US homeowners now have over 5 trillion dollars in home equity which is a very large amount of money! So this year may be the year for a lot of cash out refinances and other home equity mortgage products. Most often, when you are purchasing a home, you are buying at or below the appraised value and you are making a down payment.
The good news is this means you have “instant equity” in your home. And over time you build more equity as you make your monthly mortgage payments as well as any potential home price appreciation.
This build up of equity gets some homeowners thinking about taking cash-out from your home to pay off credit card bills, purchase a car or pay for college expenses. However, it is important to understand, there are rules as to what can and can’t be done.
Cash out refinance, equity loan or second mortgage
There are three basic ways to access the equity in your home which are common these include:
- Cash out refinance – you refinance your current mortgage and you request cash-out for the equity. For example, if your home is worth $200,000 and you have a current mortgage of $100,000 you may be able to access an additional $60,000 to $70,000 in cash depending on your lenders requirements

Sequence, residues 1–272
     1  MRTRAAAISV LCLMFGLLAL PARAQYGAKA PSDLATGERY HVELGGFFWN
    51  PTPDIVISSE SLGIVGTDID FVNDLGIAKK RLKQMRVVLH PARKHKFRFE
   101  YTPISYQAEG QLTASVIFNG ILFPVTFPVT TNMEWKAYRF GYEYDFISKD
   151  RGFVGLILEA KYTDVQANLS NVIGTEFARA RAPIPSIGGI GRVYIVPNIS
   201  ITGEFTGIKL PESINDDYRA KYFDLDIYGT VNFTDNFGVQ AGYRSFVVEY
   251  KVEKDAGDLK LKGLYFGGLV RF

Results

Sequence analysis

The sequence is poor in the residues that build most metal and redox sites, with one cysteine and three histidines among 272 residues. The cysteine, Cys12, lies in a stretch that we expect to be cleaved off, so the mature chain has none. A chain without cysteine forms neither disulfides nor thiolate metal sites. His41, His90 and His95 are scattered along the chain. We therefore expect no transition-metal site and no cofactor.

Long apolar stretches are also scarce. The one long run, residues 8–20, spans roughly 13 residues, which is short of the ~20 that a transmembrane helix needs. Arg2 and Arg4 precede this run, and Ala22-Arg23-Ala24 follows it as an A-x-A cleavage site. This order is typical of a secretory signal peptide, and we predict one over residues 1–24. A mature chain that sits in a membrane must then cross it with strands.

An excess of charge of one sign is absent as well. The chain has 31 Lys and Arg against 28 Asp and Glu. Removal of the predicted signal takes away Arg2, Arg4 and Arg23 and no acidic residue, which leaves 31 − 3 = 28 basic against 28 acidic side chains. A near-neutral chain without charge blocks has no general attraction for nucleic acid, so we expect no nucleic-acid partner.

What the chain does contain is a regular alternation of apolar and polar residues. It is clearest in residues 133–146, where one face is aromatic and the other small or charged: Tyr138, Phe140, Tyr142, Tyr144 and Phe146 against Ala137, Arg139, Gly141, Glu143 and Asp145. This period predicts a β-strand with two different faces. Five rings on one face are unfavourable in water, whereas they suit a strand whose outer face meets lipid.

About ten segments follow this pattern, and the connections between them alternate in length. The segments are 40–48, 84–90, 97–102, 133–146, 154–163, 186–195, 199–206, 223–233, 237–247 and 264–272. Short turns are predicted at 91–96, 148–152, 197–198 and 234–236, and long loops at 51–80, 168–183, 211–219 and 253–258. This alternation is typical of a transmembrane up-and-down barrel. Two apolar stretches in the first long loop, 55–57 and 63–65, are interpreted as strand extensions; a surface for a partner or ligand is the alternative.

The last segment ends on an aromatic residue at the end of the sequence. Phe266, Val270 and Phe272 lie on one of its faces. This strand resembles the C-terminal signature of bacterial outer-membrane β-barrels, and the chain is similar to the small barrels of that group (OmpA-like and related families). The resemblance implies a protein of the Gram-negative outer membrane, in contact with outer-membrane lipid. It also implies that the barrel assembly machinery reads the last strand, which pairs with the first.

- Home equity loan – a home equity loan is typically a line of credit that you take out with your local bank. These loans are typically what are known as “revolving” where you can access the funds over and over again as you make payments. Home equity loan interest payments are not tax deductible after the recent tax reform plan
- Second mortgage – in order to qualify for a second mortgage on your home, the lender would require you to meet specific credit requirements as well as certain debt-to-income ratios.
In most cases, lenders will require borrowers to have had their mortgage at least one year before they are allowed the option of any type of cash-out refinance. However, Ginnie Mae (GNMA), the investor for FHA and VA home loans allow cash out transactions after 6 monthly payments and a minimum of 210 days in the home.
While you may already have a substantial amount of equity in your home, lenders are taking an additional risk if you are allowed to “tap into” that equity. Before you make the decision to access the equity, talk to your trusted real estate professional regarding possible restrictions.